The AM Forum

THE AM BULLETIN BOARD => Technical Forum => Topic started by: w3jn on January 30, 2011, 08:30:31 PM



Title: Aitch-Tee 20 on the air
Post by: w3jn on January 30, 2011, 08:30:31 PM
I've had this HT-20 sitting around for several years and keep meaning to put it on the air.  Finally got to it this week, and the first QSOs were with Rich N2RY, Chuck W3FJJ, Ralph, W3GL, and Todd KA1KAQ checking in on slopbucket.

Yesterday I was about ready to pitch the damn thing out the window.  I kept having problems with the shaft coupler on the tuning control coming loose.  Of course getting to it entails removing dozens of screws, and even then, it's tricky getting to the coupler.  After the sixth time taking the thing out of the cabinet and the coupler almost immediately coming loose again, I carefulyl removed the set screws and installed new ones, that got a bit more "bite" on the Bristo wrench.  OK, worked for about 3 round trips on the tuning control and it came loose again.  This time I reefed down on those screws as hard as I could.  So far, it seems to be holding OK.

Also during the process it was obvious the final tune capacitor and roller inductor were making intermittent contact, so a light coat of de-oxit on a q-tip cleaned things right up.

Anyway, got decent reports with it.  It's a really cool xmitter and hope to use it more with the SX-88!


Title: Re: Aitch-Tee 20 on the air
Post by: K5UJ on January 30, 2011, 10:51:48 PM
I almost skipped over this thread not recognizing the subject.  thought it was some kind of heathkit at first  :)

todd, what are you doing on slopbucket  ;D just kidding.

JN, if you can pitch a HT20 out a window I hope I never get you mad at me.  So, I need to get a set of bristos.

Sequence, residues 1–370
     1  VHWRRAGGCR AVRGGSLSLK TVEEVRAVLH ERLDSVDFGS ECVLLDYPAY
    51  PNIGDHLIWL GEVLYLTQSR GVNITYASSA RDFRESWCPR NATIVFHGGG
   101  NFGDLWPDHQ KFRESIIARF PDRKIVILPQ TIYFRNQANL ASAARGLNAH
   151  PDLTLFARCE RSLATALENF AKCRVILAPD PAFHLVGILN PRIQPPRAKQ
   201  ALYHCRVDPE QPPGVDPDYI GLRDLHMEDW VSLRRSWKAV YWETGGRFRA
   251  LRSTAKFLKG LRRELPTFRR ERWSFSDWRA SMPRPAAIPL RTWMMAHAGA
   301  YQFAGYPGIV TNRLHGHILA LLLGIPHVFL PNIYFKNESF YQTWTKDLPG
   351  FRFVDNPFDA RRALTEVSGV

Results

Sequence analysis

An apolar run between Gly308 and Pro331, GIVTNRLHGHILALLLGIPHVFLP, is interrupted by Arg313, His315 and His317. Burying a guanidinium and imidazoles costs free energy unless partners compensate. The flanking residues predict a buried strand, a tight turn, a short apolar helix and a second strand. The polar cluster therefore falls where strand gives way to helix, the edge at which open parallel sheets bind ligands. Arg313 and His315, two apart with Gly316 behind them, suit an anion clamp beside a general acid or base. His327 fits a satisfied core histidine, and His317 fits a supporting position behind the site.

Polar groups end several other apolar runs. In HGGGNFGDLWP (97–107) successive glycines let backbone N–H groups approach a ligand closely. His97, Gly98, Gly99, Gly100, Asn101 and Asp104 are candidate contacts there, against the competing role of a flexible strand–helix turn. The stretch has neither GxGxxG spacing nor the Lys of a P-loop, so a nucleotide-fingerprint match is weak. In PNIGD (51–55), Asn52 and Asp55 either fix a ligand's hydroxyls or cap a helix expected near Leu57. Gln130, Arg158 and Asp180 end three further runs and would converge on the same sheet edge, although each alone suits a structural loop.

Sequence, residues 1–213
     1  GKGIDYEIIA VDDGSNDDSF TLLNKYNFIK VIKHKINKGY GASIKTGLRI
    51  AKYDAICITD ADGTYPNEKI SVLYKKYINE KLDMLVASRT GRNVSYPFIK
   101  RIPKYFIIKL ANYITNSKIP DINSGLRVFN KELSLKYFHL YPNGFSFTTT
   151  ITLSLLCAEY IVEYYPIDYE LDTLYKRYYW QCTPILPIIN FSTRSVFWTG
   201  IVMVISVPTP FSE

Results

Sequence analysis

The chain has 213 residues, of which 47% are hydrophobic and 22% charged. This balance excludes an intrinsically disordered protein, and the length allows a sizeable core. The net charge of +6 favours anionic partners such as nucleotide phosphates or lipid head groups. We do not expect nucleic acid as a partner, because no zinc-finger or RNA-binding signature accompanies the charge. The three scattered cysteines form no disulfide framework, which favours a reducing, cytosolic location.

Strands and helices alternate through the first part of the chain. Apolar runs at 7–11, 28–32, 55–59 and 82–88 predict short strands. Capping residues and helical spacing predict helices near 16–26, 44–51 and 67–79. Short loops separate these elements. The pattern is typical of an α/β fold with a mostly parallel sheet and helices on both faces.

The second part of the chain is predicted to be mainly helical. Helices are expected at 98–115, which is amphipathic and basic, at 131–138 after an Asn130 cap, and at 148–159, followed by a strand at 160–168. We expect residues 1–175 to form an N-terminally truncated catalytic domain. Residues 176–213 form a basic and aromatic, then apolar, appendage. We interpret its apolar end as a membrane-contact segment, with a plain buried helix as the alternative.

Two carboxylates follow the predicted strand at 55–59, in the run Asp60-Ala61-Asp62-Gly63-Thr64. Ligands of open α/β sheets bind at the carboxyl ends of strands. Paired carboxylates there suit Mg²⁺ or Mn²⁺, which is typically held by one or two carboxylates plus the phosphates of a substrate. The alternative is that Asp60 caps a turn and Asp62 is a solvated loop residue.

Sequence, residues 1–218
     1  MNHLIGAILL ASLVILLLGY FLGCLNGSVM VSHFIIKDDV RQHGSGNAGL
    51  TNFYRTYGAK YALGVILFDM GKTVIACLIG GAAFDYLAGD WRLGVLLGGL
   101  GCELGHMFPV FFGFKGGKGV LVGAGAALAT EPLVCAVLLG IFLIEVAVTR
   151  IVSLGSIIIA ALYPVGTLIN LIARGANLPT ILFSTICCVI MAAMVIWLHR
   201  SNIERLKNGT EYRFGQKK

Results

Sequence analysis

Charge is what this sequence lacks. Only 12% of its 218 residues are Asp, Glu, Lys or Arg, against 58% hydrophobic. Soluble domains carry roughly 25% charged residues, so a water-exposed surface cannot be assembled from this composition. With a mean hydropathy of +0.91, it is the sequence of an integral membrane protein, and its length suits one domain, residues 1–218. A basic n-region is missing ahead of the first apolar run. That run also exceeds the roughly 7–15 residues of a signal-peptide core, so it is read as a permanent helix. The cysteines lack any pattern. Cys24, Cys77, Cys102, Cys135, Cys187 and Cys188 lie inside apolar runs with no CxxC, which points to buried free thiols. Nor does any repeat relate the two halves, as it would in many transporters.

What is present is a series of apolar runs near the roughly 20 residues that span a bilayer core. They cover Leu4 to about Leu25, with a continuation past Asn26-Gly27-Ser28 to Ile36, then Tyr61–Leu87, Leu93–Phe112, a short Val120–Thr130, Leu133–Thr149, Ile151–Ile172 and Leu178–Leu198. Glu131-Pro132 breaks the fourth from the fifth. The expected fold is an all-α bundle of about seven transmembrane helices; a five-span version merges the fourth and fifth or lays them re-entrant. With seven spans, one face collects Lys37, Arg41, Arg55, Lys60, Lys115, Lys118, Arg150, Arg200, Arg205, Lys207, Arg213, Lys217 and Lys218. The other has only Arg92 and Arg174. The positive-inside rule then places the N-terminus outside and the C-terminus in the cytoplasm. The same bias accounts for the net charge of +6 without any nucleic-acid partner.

Is all you had to do was rework the shaft on the PA tune, and clean with de-oxit?  That's it?   No recapping?  What's the fan on the 4D32 like? 

Rob


Title: Re: Aitch-Tee 20 on the air
Post by: k4kyv on January 31, 2011, 01:12:39 AM
I almost skipped over this thread not recognizing the subject.  thought it was some kind of heathkit at first  :)

todd, what are you doing on slopbucket  ;D just kidding.

JN, if you can pitch a HT20 out a window I hope I never get you mad at me.  So, I need to get a set of bristos. 

Is all you had to do was rework the shaft on the PA tune, and clean with de-oxit?  That's it?   No recapping?  What's the fan on the 4D32 like? 

Rob

The HT-20 isn't a slopbucket rig.

http://www.radioing.com/museum/tx2.html

I have had the same problem with set screws, particularly if there was only one set screw instead of two on the shaft, located 90 apart.  It would seem to me that three set screws 120 apart would be even better, but I never have seen that used.

One way I  have cured the problem is to remove the knob (and if possible the shaft) and grind or file a flat spot on the shaft where the set screw goes, kind of like you sometimes see on BC radio volume control shafts.  Also, partially drilling into the shaft to leave a shallow hole to accommodate the tip of the set screw should work.

What really sucks is when the knob or other fitting rotates on the shaft and the set screw scores a groove in the metal, which can make the knob almost impossible to remove.  The main tuning knob on the early HRO receiver is bad about that. On later versions they went to dual set screws 90 apart.